The Faculty of Humanities also has various teams of advisors who can help you with your questions. For interdisciplinary questions, please contact the Dean's Office of the faculty. Whether you have questions about study and examination planning, the professionalisation area or problems with timetable overlaps, the team of the Dean of Studies will be happy to help you.

At the Level of the Individual Subjects of the Faculty:

Each subject of the Faculty of Humanities has a subject-related academic advisory service. If you have specific questions about your subject, please contact the relevant advisor.

Other Counselling Services Offered by the University:

In addition to these contact points, which are primarily there to help you with questions about your studies, there is an additional advisory service that you can also use free of charge:


One credit is the recognition for a workload (Workload) of 30 hours. Courses and services are credited according to the European Credit Transfer System (ECTS), i.e. credits are distributed according to the time spent. For example, for a seminar and a lecture, which are written out as a module with 9 credits, 9 credits = 9x30 working hours are estimated.

Credits can only be awarded if successful participation in the respective course and thus the achievement of the learning objective has been proven. Therefore, a performance review and an assessment of at least "passed" is a prerequisite for the award of credits. The student workload comprises the total time required by students on average to achieve the respective learning objective (of a module, of an academic year). This includes:

  • Attendance time / contact hours (in lectures, seminars, internships, etc.)
  • Time for own preparation and follow-up of contact hours
  • Time for the preparation of written assignments, project work, etc.
  • Time for examination preparation
  • Time for the examination itself

c. t./s. t.

The abbreviations c.t./s.t. mean "cum tempore", i.e. "with time", and "sine tempore", i.e. "without time". S.t. means, for example, that seminars or lectures begin on the hour. C.t. means that 15 minutes are added to the designated time. So 10 a.m. c.t. means 10:15 a.m., while 8 p.m. s.t. means that the lecture starts at 8 p.m. sharp. The purpose of the c.t. is to give students enough time to get from one event to the next. The c.t. also occurs in a non-university context, namely when one speaks of the "academic quarter" as soon as one is late by a maximum of 15 minutes.

Cultural Studies Divisional Library (BBK)

The abbreviation "BBK" stands for the Departmental Library of Cultural Studies (German: Bereichsbibliothek Kulturwissenschaften). This library unites 22 libraries of many seminars and institutes of the Faculty of Humanities as well as the interdisciplinary centres. It also houses the feminist collection "Blaustrumpf" and the Infothek with literature on career orientation. It is located in the new building of the Centre for Cultural Studies.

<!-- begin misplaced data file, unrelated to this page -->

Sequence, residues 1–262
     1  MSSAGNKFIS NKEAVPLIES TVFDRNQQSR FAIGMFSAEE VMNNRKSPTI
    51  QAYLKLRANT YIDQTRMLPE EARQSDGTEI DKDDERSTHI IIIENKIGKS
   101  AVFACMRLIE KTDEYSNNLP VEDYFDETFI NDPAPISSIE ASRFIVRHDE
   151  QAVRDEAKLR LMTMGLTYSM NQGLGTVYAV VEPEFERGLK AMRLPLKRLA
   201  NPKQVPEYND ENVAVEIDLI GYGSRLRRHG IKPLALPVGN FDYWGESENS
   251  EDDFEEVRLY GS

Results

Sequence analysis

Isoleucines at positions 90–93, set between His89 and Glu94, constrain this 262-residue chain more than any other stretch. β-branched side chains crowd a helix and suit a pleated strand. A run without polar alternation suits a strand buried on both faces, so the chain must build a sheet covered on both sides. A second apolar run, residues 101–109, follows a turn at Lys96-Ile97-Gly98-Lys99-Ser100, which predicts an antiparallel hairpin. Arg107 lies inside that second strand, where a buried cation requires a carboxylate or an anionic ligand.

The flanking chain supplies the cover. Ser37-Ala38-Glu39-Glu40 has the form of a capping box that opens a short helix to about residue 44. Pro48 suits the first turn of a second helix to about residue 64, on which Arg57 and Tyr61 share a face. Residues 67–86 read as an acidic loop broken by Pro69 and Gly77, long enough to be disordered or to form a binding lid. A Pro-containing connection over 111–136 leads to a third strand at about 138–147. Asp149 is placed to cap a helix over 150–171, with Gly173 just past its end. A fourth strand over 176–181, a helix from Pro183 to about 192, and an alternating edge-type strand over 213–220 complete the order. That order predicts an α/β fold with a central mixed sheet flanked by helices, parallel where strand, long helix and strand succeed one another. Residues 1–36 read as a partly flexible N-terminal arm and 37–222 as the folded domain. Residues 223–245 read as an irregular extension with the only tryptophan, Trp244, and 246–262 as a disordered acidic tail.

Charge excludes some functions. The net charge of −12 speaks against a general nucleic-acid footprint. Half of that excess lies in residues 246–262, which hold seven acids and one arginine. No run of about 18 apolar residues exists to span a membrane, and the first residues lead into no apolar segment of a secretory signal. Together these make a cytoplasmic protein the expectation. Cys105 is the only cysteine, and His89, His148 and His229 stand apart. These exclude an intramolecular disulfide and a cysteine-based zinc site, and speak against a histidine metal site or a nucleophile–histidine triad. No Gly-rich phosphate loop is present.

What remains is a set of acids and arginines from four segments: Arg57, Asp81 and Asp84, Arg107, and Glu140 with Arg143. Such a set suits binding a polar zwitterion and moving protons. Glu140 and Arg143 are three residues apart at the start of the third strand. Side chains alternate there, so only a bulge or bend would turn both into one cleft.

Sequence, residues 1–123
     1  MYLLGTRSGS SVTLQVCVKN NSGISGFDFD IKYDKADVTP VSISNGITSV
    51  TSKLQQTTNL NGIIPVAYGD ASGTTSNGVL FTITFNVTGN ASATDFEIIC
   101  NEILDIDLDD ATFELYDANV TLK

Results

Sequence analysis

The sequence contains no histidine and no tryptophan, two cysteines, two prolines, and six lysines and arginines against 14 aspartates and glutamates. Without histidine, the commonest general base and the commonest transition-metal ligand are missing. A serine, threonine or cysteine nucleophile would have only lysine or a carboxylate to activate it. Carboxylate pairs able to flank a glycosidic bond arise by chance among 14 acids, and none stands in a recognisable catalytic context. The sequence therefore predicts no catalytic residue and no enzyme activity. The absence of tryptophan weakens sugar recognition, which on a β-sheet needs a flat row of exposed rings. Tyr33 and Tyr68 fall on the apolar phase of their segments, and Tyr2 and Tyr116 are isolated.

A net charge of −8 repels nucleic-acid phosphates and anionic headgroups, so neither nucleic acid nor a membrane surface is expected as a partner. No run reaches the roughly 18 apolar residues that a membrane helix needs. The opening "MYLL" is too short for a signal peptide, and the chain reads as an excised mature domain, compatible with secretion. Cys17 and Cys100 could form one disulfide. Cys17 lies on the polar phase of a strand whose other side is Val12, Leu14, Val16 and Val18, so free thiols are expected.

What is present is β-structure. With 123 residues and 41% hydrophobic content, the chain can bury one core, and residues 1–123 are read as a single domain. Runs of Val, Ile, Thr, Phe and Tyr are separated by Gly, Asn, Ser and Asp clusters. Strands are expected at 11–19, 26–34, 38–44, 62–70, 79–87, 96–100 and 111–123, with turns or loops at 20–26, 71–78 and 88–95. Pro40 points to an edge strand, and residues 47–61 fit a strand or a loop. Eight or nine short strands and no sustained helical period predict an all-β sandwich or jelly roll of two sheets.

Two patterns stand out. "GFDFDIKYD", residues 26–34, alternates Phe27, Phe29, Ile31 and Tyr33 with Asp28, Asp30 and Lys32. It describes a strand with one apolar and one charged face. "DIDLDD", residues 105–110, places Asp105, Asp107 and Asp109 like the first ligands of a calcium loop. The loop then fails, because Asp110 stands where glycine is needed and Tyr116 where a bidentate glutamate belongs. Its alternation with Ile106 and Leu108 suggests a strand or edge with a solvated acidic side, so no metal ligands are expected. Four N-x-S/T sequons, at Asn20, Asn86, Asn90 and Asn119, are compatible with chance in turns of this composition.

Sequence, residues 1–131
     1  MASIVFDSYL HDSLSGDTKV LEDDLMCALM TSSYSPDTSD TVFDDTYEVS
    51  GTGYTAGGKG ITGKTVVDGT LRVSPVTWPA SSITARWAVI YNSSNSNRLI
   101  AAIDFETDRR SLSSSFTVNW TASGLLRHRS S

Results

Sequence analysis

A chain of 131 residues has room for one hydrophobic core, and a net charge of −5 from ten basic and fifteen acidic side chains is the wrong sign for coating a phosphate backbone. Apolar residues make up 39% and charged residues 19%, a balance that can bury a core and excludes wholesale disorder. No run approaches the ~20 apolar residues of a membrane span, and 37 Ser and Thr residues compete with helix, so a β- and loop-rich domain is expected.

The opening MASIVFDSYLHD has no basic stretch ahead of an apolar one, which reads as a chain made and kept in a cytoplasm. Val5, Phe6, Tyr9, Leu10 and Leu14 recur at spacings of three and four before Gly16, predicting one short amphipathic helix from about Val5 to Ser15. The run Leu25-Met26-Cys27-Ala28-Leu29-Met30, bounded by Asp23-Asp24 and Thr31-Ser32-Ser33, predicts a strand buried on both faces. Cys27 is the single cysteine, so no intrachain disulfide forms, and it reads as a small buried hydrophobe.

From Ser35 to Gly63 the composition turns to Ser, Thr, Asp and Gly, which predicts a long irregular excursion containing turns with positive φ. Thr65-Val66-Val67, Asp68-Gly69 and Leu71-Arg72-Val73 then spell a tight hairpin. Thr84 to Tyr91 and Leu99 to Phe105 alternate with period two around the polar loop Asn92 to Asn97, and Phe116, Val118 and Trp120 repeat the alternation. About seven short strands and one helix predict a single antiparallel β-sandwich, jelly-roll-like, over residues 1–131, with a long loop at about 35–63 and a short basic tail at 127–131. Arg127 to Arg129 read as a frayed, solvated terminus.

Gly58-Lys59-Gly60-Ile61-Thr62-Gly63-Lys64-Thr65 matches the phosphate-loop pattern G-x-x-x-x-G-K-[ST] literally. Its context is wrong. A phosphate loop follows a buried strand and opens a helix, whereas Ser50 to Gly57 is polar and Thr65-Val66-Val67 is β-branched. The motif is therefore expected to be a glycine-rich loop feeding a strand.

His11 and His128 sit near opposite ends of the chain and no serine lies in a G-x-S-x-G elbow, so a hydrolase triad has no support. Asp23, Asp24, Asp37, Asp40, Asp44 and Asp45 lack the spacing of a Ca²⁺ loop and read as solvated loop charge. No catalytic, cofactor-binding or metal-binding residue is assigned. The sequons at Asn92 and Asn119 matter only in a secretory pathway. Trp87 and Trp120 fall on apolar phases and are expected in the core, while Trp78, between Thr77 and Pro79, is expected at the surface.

In addition to tips and information on living in Göttingen, the Studentenwerk also offers its own flats. These are located in halls of residence and offer a wide variety of locations and prices. You can find an overview and information on applying for a place to live here.



The eCampus is the internet platform of the University of Göttingen where all important portals (StudIP, FlexNow, etc.) are available to students with one login. Here you can register for events and exams, find the canteen menu or book a study room in the Learning and Study Building (LSG).


Enrolment at the university as a student. After successful enrolment, you will also receive your matriculation number.

Equal Opportunity

Central and decentralised equal opportunities officers work at the university. They advise on problems such as sexualised violence or reconciling family and studies.
The contact of the Equal Opportunities Officer of the Faculty of Humanities can be found here.


Erasmus+ stands for a European exchange programme between universities that awards scholarships. Internships abroad can also be funded. For more information, please contact the Student Advisory Service, the individual subjects/seminars and the Göttingen International team.


An essay is a type of shorter term paper. Essays can, for example, represent an examination (pre-)performance. The guidelines of an essay are individual and are determined by the lecturer or the examination regulations. Do not hesitate to ask teachers about the formal regulations (how essays are written, etc.)! There are also various support services that help students with their writing, e.g. the International Writing Lab.


EXA is the university's digital directory where all courses, people, rooms, exam dates and more can be found.

Examination Office

The Examination Office of the Faculty of Humanities is responsible for all enquiries regarding examinations. For example, it takes care of the release of examination dates and the entry of grades. In addition, it is responsible for the final examination procedures and the preparation of certificates. In particular, questions about FlexNow, deadlines and examination modalities should always be clarified with the staff member responsible for the respective subject in the examinations office.

Examination and Programme Regulations